I wish, on this occasion, to express my very warm tribute to CP, FDC, JEEMA, SDP, and their leaders. I honour their valiant contributions to the struggle for democracy in Uganda.
It is therefore with a heavy heart and much sadness that, after very careful review, have to say that UPC is unable to continue working within the IPC project and process.
UPC shall welcome the opportunity of working with CP, JEEMA, SDP and FDC within the broader framework of a national social movement to build a democratic and just society in our country.
National social movement
This historic moment calls for a singular response: building a national social movement that will insist, among its important demands, on genuinely free and fair elections, and truth-telling and accountability. Together we must now begin to chart a new path leading to a new Uganda, with a new national compact.
This is not about UPC. This is not a UPC project.
The project we are proposing to the people of Uganda today is larger than UPC; indeed it is larger than the political parties. It concerns and embraces Ugandans of all hues, orientations and affiliations. What unites us is a common hunger for freedom, dignity, reconciliation and democracy in our land.
The national social movement therefore aims to bring together democracy-seeking political parties, civil society, religious organisations, the business community, workers, pressure groups, youth and women organisations. This will be a citizens’ struggle.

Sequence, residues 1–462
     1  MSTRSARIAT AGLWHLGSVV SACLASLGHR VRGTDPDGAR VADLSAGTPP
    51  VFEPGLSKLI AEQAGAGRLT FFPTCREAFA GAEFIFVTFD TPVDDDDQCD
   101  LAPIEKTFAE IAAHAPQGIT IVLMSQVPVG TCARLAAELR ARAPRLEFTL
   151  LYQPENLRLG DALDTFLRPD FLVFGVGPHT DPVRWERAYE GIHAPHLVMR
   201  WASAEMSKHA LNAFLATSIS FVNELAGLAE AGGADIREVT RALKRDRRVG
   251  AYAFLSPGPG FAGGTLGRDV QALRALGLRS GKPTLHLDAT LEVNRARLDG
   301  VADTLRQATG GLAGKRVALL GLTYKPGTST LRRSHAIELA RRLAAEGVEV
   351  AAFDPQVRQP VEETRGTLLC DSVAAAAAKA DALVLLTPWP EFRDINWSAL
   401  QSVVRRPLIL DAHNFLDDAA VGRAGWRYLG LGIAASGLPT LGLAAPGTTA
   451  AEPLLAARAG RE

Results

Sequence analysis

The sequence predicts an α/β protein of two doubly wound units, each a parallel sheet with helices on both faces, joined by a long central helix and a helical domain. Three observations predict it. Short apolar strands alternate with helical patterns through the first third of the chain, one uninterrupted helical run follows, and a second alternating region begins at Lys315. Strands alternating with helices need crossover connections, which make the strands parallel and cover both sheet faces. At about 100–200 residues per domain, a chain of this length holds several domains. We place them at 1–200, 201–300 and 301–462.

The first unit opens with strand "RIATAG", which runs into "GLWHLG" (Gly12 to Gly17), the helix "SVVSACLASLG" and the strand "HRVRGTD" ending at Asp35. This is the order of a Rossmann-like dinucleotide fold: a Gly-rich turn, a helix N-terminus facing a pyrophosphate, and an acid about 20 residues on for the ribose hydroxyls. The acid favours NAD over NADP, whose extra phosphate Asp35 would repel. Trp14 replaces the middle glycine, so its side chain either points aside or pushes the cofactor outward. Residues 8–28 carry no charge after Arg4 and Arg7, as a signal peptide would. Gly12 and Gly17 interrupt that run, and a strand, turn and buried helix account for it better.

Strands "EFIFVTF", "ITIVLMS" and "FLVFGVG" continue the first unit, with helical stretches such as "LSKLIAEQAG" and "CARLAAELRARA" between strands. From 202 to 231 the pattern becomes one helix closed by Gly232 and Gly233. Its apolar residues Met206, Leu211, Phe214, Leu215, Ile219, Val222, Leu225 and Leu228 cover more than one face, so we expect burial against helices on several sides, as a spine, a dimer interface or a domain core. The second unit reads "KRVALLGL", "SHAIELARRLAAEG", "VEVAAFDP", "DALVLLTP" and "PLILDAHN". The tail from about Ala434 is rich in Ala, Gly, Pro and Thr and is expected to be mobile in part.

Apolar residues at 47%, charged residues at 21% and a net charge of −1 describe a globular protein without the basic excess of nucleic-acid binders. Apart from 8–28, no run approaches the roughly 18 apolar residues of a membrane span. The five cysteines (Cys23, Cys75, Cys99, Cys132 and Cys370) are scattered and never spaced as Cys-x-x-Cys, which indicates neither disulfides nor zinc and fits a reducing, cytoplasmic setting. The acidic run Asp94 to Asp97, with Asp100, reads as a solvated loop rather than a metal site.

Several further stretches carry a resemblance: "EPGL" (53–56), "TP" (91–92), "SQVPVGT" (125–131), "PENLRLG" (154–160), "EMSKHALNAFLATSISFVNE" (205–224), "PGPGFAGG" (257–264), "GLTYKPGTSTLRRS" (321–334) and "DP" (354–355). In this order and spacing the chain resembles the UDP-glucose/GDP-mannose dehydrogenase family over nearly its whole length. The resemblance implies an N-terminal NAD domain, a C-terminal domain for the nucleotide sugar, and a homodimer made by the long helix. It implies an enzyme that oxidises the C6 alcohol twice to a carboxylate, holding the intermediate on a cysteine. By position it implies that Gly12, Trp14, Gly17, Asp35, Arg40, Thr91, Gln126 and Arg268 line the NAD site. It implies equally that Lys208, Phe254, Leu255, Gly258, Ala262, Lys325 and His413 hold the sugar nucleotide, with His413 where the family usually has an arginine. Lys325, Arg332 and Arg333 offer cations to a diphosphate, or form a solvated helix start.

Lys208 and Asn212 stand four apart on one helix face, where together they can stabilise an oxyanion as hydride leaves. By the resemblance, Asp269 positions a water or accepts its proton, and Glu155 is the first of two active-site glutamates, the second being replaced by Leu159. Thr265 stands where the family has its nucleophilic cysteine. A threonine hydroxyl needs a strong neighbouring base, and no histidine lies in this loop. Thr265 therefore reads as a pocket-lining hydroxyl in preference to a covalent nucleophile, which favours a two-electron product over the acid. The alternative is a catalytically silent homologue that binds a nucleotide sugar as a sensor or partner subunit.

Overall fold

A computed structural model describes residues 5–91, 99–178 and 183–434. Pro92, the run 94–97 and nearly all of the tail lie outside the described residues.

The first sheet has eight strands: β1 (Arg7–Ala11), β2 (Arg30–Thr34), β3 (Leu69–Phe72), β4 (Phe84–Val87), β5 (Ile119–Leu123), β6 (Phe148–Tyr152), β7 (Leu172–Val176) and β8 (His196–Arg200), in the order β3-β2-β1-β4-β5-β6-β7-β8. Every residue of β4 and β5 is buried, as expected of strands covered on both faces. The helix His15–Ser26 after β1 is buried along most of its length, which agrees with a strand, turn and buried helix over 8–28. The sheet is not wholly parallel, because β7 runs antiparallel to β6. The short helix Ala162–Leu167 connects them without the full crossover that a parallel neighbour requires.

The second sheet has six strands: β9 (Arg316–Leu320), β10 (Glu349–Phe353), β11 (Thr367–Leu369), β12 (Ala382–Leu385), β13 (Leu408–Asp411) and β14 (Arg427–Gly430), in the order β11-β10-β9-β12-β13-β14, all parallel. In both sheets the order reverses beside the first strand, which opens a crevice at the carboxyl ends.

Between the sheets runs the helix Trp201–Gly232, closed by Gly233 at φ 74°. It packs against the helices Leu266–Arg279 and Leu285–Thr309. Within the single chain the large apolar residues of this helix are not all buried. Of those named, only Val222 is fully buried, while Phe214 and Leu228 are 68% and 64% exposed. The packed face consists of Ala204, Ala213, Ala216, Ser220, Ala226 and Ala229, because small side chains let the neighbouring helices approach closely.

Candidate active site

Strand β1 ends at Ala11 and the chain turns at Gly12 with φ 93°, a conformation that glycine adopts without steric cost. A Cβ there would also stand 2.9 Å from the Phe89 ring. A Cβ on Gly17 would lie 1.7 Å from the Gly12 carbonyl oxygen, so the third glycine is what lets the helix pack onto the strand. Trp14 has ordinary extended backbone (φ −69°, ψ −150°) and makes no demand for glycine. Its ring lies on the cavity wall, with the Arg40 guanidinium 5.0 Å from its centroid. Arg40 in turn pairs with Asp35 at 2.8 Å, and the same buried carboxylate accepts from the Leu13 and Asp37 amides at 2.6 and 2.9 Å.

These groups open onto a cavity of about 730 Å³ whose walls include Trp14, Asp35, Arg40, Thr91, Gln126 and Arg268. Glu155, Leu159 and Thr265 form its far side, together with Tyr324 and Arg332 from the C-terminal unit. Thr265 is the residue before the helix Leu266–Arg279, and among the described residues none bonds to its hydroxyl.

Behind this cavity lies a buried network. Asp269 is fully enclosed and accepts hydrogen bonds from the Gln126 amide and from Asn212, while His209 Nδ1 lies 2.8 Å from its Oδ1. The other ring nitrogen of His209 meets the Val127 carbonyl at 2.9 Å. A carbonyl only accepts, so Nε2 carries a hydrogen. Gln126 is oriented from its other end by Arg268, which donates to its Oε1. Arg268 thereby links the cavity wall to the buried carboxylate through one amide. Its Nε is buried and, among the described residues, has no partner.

We have embarked on a journey of immense importance. The future of our country hangs in the balance. In this situation, our patriotic duty is to take charge and shape our own destiny under a national social movement.
Fellow Ugandans, this is our country. And yet, we have been reduced to subjects, subjugated in our own land. The people of Uganda are being held hostage by a politico-military clique.
It is time therefore that we, the people of Uganda, behaved as the owners of this country, not squatters or refugees in our own land.
We Must Take Back Our Country! We must regain control of our country from those who have hijacked it for the last 25 years.
Do not be afraid. Do not be afraid. This is our country.
I thank you very much for listening to this message.
Olara A. Otunnu
President of Uganda Peoples Congress
Delivered on 30th August, 2010, at Christ the King, Kampala